Thursday, May 29, 2008

Building a Shed

I've been thinking about building a shed. I live in a suburban neighborhood and I don't want the shed to be taller than my fence as my neighbors already have to look at me in my summer cut-offs and sexy, stained TIE conference t-shirt during the summer. They don't need to have a shed in their line of sight too.

I looked at a few pre-built buildings and they are either too tall or too small for what I want. What I want is a place I can keep my mower and various tools. My garage isn't big enough for all the garden stuff, my power tools and two vehicles. Part of the reason this project has been on the back burner for so long is that the part of my yard where I want it is slanted and covered in rock. I hate moving rock!

Seeing this article on Make about a man who built his own shed has got me motivated to at least come up with a design. He has several features that I may adapt to my own situation. He uses four strong corner posts. I think I could do something like that and it might save me lots of time trying to level an area of ground and moving all that rock. He also has a lattice system for the floor that he then fills with gravel. I could do something similar and once again save some time in regards to leveling the area where I want to build.

Now I just have to figure out how to make something that isn't tall but is still functional. I am currently playing with the idea of a roof that can be lifted up. I guess rather than a shed, it would be more like a big storage box with a door on one side where I could roll in the mower.

If I actually do get any further than thinking about it, I will post some pictures.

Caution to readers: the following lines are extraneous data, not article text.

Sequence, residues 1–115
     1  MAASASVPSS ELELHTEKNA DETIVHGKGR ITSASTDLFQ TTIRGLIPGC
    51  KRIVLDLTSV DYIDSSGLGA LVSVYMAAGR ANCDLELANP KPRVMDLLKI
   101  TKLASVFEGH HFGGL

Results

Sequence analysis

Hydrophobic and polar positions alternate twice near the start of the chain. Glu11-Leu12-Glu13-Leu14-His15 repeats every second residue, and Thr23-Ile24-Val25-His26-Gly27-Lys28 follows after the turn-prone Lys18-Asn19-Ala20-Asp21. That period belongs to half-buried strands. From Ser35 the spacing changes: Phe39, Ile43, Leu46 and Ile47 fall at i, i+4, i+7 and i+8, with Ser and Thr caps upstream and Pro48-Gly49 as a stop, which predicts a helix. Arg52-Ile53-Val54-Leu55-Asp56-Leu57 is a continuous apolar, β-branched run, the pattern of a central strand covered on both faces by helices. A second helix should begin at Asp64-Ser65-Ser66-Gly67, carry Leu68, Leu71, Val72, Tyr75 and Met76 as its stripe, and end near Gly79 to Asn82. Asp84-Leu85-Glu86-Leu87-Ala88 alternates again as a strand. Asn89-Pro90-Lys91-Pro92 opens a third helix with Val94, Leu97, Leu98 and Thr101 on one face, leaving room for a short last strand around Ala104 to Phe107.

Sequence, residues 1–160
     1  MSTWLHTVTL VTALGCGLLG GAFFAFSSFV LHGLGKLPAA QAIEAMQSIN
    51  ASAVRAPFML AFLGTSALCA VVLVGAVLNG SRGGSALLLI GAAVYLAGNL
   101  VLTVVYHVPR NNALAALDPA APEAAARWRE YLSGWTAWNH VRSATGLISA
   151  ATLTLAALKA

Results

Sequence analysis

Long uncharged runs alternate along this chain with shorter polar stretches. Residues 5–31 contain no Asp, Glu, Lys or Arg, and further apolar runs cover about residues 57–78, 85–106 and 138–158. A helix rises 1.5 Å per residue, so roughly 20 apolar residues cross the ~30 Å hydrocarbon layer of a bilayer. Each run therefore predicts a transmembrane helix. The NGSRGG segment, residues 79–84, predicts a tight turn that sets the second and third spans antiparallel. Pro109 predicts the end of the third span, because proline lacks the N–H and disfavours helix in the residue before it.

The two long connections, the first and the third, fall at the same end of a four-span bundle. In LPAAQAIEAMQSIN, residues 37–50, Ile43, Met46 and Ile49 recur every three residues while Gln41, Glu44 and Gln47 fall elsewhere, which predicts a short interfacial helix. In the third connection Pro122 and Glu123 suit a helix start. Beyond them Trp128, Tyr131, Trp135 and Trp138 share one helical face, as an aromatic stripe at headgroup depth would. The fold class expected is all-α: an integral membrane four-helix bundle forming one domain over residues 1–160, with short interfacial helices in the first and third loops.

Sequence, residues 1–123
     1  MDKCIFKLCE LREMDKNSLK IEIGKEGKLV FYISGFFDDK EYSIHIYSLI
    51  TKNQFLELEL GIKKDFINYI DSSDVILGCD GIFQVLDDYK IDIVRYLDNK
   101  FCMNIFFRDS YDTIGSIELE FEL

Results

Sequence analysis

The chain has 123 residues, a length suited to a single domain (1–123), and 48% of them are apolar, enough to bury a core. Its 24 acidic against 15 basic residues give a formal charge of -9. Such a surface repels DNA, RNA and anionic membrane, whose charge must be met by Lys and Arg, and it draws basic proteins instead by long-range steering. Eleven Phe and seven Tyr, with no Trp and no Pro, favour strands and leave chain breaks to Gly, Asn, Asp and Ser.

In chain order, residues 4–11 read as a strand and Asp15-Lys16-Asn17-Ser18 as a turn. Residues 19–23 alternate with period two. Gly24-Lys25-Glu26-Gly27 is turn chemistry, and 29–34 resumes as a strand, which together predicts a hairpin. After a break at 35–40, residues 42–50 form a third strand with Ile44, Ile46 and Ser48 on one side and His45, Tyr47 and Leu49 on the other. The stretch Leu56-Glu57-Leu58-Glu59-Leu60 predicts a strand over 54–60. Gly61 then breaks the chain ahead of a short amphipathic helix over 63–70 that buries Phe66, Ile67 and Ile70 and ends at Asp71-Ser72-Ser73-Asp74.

[Image captured from]

Wednesday, May 28, 2008

Egg Smashing Goldberg Machine

I'm a sucker for these Rube Goldberg machines. If you're trying to design your own machine, this video has at least a dozen possibilities you could adapt for your own contraption.

Catchy music too!

[Image captured from video: Creme that Egg:

Tuesday, May 27, 2008

High school student isolates microbe that breaks down plastic

Saw a reference to this article and tracked it down at TheRecord.Com. Seems that a Daniel Burd, a high school student in Canada, got curious about how to deal with all the plastic he saw around him. He started experimenting to find the microbes that eat it. His thinking was if he could isolate them and concentrate them, then maybe he could speed up the process. (Anything that might shorten the 1000 year process would be helpful) He succeeded and won the Canada Wide Science Fair along with a $10,000 dollar prize and a hefty scholarship.

Read the article for a description of how he set up his experimental process. Interesting.

Share this with your students when they complain about not being able to do anything. Inspiring.

[Image captured from Youth Science Foundation Canada:]

Monday, May 26, 2008

Mars Lander

Here's one of the first pictures back from the Phoenix Mars Lander. A shot of the Martian arctic plains.